On April 15th 1997 Jackie Robinson had his uniform number 42 permanently retired by Major League Baseball on the 50th anniversary of his debut with the Brooklyn Dodgers. It was the perfect way to honor the most important player in the long history of the game.
July 11th 2014 will be the 100th anniversary of the day Babe Ruth made his Major League debut for the Boston Red Sox. There will never be a more appropriate time for the only other deserving player to be granted this highest of honors. Ruth’s number 3 should be retired and displayed right alongside Robinson’s number in every Major League stadium. Ruth was, as his Hall of Fame plaque says, the greatest drawing card in the history of baseball, and he was the greatest player of all time.
Now before any of you Barry Bonds supporters chime in with your objections, let’s compare, shall we?
Bonds out-homered Ruth 763-714. However, Bonds played 483 more games, mostly because Ruth was a full-time pitcher his first 4+ years (not to mention one of the best in the game at the time). Ruth became a full-time outfielder after Red Sox owner Harry Frazee sold him to the New York Yankees following the 1919 season, thus ushering in the so-called Curse Of the Bambino. It stands to reason that if Babe Ruth started out as an everyday player he would have rendered the home run record unreachable.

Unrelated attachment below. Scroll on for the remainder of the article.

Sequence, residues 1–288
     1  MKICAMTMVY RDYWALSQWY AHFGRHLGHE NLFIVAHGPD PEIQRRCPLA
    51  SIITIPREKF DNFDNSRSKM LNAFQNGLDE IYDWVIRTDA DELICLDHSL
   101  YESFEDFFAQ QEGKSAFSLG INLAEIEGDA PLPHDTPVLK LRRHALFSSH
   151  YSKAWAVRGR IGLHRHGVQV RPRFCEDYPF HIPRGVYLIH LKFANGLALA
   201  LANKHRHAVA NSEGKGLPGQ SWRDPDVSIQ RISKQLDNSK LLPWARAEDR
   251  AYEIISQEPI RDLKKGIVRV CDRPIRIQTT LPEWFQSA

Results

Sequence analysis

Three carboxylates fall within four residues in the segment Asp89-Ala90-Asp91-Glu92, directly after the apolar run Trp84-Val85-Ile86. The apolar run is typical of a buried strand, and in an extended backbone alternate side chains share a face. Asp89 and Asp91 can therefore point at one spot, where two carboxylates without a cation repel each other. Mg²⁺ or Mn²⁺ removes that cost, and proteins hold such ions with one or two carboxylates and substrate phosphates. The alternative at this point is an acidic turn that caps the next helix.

Bonds hit over 50 homers in a season once. Ruth did it four times.
Bonds’ career batting average was .298. Ruth’s was .342, just two points behind Ted Williams, who many regard as the best fundamental hitter in baseball history.
Bonds career on-base percentage was .444. Ruth’s was .474.
Bonds’ career slugging percentage was .607. Ruth’s was .690, by far the highest of any player (Bonds is 6th on the list.).
Bonds OPS (on-base + slugging) was 1.0512. Ruth’s was 1.1638 (Bonds was 4th all time, behind Ruth, Williams and Lou Gehrig).
Bonds had 1996 RBIs in 2986 games. Ruth had 2217 in 2503 games.
Bonds’ top RBI season was 137. Ruth had 137 or more nine times, including his career-high of 171.
Bonds is the only player to hit at least 500 home runs and steal at least 500 bases (514). He also was a five-time 30-30 player, with a 40-40 season to his credit. Ruth can’t match those numbers. But the reverse is that Ruth was 93-44 as a pitcher, was a two-time 20-game winner and had another year of 18 wins. He threw 17 shutouts (nine in one season) and his career ERA was 2.28. Ruth also had a streak of 29.2 consecutive scoreless innings in World Series play.
In 1920 Ruth belted 54 home runs. No other team in the league hit more than 50. That would be the equivalent of a player today hitting over 200 homers in a season. Ruth did it again in 1927, the year he hit 60, and in that celebrated season he hit six more homers than the Cleveland Indians and Boston Red Sox combined. This is domination on an unimaginable scale.
Barry Bonds appeared in 48 postseason games and hit .245 with nine homers and 24 RBIs.
Babe Ruth appeared in 41 postseason games (all in the World Series) and hit .326 with 15 homers and 33 RBIs. He was also 3-0 as a pitcher with a 0.87 ERA.
Babe Ruth played in ten World Series’ with the Red Sox and Yankees, winning seven. Barry Bonds only World Series appearance was in 2002 and his Giants didn’t win it, although he had an excellent series.